Libyan Embassy Siege
Sue MacGregor reunites five people who were at the centre of the dramatic events outside the Libyan embassy in central London in 1984.
Sue MacGregor reunites five people who were at the centre of the dramatic events outside the Libyan Embassy in central London in 1984.
At 5' 2", Yvonne Fletcher battled to fulfil a childhood ambition to become a police officer. Superfletch, as she was dubbed by colleagues, achieved her dream as a community officer with the Metropolitan Police and, in doing so, became the shortest police officer in Britain. She was due to marry a fellow officer.
On a spring morning in April 1984, she was sent to man an anti-Gaddafi demonstration outside the Libyan Embassy in London. She was gunned down during the protest and pronounced dead several hours later on the operating table.
The Embassy had recently been taken over by the Committee of Revolutionary Students and renamed the Libyan People's Bureau. They were fiercely loyal to their leader, the notorious "mad dog of the Middle East", Colonel Gaddafi, and targeted Libyan dissidents in the UK.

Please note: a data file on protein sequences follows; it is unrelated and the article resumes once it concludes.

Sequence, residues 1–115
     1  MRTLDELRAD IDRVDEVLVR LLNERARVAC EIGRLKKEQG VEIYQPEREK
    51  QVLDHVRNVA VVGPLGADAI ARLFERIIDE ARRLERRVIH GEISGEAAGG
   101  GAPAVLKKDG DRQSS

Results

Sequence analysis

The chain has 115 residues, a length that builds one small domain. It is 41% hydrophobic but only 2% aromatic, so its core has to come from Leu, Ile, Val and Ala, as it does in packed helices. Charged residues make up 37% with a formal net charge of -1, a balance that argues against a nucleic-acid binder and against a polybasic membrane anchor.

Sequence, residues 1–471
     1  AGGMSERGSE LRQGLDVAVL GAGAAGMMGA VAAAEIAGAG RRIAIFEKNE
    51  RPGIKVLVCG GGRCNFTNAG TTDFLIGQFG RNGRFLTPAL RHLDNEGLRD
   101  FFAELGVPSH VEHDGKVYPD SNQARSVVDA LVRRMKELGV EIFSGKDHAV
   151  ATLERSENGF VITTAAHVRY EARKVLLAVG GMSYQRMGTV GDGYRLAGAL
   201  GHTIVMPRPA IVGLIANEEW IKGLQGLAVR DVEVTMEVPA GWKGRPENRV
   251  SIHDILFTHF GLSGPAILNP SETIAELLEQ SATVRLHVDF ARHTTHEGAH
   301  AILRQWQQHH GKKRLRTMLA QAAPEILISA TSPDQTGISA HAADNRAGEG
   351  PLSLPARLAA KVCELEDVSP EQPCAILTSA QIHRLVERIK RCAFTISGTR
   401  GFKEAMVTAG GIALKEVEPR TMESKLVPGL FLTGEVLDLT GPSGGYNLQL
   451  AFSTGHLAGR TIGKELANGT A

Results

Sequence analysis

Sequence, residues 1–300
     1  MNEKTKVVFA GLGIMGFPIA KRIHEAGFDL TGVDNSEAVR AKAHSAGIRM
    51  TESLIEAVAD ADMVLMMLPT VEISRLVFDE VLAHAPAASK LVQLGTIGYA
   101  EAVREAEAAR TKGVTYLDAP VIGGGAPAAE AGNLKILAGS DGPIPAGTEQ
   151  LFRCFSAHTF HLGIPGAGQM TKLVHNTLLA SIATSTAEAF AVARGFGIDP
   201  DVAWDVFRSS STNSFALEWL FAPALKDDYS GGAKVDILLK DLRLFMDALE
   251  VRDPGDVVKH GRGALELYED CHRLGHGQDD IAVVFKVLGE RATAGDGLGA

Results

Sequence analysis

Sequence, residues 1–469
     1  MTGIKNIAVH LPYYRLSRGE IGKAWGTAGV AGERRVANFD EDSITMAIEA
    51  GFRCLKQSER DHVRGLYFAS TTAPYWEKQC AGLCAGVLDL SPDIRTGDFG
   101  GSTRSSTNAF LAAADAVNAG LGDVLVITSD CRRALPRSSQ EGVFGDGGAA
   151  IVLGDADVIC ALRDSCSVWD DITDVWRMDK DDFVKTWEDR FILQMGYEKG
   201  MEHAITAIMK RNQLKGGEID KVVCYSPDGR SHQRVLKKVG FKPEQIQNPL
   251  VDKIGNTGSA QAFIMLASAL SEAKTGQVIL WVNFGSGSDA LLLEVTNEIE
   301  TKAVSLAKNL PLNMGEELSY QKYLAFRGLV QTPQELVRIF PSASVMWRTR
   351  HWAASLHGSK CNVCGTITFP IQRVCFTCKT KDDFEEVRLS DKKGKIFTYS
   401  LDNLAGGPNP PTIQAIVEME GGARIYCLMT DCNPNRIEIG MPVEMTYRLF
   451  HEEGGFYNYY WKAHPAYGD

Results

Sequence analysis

Sue and her guests look back on what, at the time, was the longest police siege in British history.
Oliver Miles was only a few months into his new post as British Ambassador in Tripoli.
PC John Murray was working alongside WPC Fletcher and travelled in the ambulance with her as she was dying.
Detective Superintendent Colin Reeve stepped up to run the police command centre, working 12 hours a day throughout the 11-day siege.
Adel Mansouri was a Libyan student who travelled from Manchester to what he believed would be a peaceful demonstration. He was also shot.
They discuss why warnings about threatened violence weren't passed to police on the ground, why the so-called Embassy still enjoyed diplomatic status, and whether Yvonne Fletcher's death could have been avoided.
A Whistledown production for BBC Radio 4.